Oil prices have been on a wild ride the last few years to say the least. There are many ways to play these trends. You can buy crude oil futures [s: CLN12.NYM] and hedge with airline stocks, though not always a good oil hedge. The point is that there are many options, but few maximize risk/reward better than the trade I propose.
One of the safest and best ways to maximize profits in the oil sector is to use an ETF pair trade (i.e. long/short) strategy focused on maximizing upside potential and minimizing downside risk.
One often-overlooked advantage to ETFs is that we know their holdings and allocations every day. Mutual funds often take weeks or months to disclose their holdings. Many articles have been written about how that lack of transparency allows mutual fund managers to window-dress their holdings. That is not possible with ETFs.
My bottoms-up analysis of ETFs based on their holdings drives my predictive ratings (defined here) on ETFs. These ratings allow investors to know more about the relative merits of ETFs.
As I have shown in my Best & Worst ETFs articles, you cannot trust ETF labels. We cover 21 Energy ETFs and they hold anywhere from 24 to 147 stocks. That wide range means the performance of the ETFs is likely to be very different. My free ETF screener provides my ratings and reports on all 21 Energy ETFs.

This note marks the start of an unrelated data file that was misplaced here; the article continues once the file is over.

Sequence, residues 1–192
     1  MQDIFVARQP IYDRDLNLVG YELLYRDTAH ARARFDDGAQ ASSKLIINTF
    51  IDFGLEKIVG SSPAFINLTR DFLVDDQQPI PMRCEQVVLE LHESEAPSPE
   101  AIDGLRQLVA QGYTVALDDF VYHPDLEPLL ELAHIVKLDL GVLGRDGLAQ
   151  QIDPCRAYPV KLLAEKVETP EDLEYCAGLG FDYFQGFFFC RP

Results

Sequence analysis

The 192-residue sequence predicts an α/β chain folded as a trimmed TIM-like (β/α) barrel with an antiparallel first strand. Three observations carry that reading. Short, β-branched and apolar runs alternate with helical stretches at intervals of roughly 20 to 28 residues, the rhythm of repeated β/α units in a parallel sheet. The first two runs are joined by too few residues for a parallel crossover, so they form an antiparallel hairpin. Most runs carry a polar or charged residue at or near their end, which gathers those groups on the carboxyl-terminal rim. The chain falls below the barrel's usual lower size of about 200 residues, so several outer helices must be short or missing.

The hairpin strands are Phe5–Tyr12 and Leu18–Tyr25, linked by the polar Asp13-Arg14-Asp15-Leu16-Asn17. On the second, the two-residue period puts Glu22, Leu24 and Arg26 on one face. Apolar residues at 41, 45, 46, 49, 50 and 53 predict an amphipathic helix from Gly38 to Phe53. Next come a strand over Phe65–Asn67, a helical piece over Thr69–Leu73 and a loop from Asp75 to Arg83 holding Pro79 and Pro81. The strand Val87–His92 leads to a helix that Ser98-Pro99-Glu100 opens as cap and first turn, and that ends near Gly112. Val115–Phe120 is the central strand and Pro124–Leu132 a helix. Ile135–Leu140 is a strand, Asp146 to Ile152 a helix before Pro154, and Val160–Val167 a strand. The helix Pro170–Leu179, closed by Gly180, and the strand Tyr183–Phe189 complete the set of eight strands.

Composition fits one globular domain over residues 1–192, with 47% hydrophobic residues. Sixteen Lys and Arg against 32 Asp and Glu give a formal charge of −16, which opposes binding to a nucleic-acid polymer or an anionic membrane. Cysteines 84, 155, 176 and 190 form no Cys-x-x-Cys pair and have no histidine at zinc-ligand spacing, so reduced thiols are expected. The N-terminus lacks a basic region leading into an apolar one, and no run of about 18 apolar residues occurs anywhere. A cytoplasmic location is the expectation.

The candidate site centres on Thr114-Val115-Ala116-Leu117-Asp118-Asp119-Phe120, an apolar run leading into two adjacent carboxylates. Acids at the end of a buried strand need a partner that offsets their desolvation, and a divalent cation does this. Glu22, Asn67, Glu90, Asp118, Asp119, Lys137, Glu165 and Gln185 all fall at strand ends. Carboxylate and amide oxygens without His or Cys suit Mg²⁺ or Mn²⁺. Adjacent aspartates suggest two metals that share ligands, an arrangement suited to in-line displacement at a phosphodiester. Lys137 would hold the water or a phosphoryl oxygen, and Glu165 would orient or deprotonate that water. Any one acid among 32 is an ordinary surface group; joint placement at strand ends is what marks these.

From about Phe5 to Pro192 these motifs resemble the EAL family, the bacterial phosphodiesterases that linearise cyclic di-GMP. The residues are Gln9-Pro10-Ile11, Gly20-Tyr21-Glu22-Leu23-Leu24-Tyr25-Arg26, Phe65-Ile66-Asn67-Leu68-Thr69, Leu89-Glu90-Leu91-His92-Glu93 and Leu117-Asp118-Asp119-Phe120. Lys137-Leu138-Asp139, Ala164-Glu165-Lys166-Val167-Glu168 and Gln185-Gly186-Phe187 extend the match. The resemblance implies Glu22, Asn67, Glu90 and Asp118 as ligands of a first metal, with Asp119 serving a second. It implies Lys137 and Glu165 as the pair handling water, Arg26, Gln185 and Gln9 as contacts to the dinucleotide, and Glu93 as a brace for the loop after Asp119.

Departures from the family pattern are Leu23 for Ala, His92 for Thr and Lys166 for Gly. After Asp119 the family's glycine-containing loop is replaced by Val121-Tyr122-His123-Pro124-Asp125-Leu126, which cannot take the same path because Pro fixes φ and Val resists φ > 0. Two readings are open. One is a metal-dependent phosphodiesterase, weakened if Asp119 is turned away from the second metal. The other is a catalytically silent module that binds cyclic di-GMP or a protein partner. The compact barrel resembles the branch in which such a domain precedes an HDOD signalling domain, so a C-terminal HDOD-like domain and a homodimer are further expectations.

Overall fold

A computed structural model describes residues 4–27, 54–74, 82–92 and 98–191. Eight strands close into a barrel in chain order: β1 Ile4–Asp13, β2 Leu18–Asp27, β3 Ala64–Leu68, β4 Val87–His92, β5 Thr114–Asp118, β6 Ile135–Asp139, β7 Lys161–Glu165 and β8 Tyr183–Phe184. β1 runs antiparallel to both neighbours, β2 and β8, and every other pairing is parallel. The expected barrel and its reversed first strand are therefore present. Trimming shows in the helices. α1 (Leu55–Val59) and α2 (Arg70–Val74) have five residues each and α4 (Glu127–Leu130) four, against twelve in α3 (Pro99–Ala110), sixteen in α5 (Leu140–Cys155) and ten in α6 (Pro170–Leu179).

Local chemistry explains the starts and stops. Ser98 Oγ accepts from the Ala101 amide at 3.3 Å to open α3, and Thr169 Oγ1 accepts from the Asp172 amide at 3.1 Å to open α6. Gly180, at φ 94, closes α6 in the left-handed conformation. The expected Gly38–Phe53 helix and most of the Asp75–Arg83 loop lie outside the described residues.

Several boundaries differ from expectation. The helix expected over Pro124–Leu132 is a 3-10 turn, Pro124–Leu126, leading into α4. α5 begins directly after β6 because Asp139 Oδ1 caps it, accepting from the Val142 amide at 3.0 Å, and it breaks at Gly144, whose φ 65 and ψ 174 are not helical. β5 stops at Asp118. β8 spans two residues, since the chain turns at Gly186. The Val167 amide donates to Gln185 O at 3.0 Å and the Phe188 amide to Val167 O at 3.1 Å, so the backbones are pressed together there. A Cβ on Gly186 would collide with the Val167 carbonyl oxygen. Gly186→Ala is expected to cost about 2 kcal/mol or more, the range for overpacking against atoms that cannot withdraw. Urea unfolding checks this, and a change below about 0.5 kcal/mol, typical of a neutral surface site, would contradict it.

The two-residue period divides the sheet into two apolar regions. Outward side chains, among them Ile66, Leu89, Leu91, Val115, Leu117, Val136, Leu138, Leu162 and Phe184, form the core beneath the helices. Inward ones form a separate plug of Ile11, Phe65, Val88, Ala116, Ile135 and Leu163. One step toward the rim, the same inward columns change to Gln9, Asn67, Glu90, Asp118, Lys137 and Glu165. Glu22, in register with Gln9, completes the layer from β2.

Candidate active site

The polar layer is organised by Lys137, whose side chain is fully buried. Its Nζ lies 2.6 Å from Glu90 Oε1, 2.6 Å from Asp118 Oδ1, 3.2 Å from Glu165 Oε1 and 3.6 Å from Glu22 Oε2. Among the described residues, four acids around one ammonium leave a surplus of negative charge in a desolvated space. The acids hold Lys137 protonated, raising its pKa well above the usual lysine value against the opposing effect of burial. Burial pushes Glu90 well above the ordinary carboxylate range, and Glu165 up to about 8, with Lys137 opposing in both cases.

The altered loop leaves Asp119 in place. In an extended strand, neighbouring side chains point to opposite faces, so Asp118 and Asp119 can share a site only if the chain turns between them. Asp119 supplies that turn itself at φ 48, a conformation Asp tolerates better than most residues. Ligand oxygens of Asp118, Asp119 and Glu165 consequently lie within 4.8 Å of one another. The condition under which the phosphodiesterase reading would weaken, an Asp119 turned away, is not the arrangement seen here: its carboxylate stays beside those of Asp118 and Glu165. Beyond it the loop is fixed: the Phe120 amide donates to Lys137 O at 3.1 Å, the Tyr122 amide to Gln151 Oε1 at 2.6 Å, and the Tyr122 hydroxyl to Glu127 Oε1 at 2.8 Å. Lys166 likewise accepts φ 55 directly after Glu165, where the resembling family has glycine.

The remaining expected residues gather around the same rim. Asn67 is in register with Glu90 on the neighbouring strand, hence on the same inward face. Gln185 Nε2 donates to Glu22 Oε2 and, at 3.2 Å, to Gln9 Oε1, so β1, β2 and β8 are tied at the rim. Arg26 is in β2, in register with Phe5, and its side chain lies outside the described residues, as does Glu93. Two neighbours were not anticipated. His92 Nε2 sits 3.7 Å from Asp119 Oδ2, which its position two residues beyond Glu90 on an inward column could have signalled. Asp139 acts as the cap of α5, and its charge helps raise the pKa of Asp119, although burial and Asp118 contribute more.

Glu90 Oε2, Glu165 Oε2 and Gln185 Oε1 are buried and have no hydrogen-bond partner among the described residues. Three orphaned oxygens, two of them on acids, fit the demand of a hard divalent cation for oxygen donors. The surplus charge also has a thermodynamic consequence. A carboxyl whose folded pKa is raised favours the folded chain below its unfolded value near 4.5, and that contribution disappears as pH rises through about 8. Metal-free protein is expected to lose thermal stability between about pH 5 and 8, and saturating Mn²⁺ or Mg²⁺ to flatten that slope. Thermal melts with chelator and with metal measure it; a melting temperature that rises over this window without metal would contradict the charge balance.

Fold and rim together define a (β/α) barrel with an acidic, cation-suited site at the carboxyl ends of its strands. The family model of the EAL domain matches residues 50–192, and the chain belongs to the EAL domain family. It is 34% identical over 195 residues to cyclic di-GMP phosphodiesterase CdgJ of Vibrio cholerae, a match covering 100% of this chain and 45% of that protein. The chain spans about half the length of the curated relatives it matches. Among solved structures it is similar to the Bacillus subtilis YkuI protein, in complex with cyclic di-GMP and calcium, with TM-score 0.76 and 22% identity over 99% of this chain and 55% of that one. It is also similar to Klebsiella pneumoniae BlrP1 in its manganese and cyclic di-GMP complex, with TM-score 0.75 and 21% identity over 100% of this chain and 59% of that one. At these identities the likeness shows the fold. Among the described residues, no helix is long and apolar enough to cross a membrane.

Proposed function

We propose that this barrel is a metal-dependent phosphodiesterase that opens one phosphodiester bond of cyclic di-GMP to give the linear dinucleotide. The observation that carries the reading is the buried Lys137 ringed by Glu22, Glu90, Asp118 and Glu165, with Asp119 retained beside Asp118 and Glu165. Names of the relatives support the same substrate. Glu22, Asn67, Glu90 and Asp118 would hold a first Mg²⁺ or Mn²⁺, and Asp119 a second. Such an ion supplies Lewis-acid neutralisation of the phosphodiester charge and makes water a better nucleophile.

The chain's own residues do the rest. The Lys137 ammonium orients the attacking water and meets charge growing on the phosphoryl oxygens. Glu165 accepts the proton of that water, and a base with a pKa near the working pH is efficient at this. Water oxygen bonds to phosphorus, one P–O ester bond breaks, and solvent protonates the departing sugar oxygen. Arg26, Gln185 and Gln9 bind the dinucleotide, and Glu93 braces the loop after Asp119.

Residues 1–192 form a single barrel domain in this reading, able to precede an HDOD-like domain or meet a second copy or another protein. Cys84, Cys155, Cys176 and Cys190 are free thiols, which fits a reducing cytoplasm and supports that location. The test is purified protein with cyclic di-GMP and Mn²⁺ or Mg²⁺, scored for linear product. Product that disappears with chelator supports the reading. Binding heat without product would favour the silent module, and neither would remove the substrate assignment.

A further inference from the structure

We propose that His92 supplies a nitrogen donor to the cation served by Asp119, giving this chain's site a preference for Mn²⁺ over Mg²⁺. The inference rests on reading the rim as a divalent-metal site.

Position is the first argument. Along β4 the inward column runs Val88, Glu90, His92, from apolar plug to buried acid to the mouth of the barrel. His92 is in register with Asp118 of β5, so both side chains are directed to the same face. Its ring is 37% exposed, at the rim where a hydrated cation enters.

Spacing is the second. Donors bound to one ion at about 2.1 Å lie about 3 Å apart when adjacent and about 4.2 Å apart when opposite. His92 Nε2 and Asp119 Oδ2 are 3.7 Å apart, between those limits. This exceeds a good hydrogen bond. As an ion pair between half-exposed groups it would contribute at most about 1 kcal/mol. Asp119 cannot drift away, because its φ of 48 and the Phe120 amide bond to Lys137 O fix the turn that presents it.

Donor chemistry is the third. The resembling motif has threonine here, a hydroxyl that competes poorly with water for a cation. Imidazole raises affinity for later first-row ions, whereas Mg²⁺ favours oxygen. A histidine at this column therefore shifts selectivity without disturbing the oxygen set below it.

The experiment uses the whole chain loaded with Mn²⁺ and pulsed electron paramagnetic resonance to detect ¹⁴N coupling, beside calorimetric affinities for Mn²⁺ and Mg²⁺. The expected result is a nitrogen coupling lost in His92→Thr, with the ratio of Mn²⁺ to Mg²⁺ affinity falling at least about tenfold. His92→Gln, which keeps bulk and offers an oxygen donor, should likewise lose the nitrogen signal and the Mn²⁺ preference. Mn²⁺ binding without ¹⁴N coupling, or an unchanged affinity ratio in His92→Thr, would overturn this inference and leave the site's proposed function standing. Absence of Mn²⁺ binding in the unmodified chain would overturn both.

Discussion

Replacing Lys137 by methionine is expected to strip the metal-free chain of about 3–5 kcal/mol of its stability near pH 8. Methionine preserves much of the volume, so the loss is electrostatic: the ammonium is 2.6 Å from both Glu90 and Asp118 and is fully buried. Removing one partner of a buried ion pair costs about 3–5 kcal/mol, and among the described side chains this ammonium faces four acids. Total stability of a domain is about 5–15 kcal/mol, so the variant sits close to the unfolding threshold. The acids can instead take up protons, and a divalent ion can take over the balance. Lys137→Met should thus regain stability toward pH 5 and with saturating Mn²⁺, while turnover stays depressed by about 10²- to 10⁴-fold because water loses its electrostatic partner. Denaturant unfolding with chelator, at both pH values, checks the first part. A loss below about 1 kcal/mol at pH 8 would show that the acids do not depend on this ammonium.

Further, some Energy ETFs hold good stocks and others do not. Per my Best & Worst ETFs & Mutual Funds: Energy Sector report, investors need to tread carefully when considering Energy ETFs. Only one out of twenty-one get an Attractive rating and is worth buying because it allocates enough value to Attractive-or-better-rated stocks.
Part of the reason so few Energy ETFs get an Attractive-or-better rating is that there are not that many good Energy stocks to choose from. 58% of the 194 Energy stocks I cover are rated Dangerous or worse. 87% are rated Neutral or worse. My stock ratings are defined here.
The ETF pair trade I propose maximizes the value of my research by identifying the very best ETF(s) to be long: PowerShares Dynamic Energy E&P (PXE0, and the very worst ETF to be short, Direxion Daily Natural Gas Related Bull 3x Shares (GASL). PXE is my top-rated Energy ETF and the only Attractive-rated Energy ETF. GASL is my worst-rated ETF and the only Very Dangerous-rated Energy ETF. Both are relatively small and less liquid than some investors like so I propose a more liquid pair below.
If you need a more liquid alternative for this pair trade, I recommend going long Vanguard Energy ETF (VDE) and shorting First Trust ISE-Revere Natural Gas Index Fund (FCG). VDE is my #2-top-rated Energy ETF and gets my Neutral rating. FCG is my #2-worst-rated ETF and gets my Dangerous rating. Both of these ETFs are highly liquid.
PXE gets my Attractive rating because it allocates over 50% of its value to Attractive-or-better rated stocks. Only 12.5% of the portfolio is in Dangerous-rated stocks and nothing is in Very Dangerous-rated stocks. PXE has a higher expense ratio of 0.60% than VDE at 0.19%, but it gets a better rating because it holds significantly better stocks than VDE.